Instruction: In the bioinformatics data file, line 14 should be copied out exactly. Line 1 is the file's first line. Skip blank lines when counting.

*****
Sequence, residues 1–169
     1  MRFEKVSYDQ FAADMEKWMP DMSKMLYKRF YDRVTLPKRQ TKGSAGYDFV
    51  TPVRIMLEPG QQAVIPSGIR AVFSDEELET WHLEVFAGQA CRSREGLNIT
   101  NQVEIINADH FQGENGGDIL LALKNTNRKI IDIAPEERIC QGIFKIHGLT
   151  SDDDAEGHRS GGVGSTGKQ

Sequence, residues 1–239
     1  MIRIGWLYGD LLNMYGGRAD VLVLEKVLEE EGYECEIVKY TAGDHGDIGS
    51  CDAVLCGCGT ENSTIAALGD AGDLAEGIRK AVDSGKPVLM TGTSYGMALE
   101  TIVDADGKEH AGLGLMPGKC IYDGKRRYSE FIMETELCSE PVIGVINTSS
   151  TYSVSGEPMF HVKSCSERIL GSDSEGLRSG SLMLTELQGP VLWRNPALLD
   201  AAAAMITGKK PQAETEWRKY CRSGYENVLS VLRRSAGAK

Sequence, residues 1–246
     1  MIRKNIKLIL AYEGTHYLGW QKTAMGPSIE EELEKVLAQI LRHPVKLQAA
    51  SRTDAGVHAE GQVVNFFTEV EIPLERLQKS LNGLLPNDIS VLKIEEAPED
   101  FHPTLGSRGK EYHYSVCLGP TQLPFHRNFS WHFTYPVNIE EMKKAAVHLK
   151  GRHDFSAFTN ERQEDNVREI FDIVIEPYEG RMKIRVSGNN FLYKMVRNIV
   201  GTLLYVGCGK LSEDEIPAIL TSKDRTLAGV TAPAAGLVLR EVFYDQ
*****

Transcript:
    51  SRTDAGVHAE GQVVNFFTEV EIPLERLQKS LNGLLPNDIS VLKIEEAPED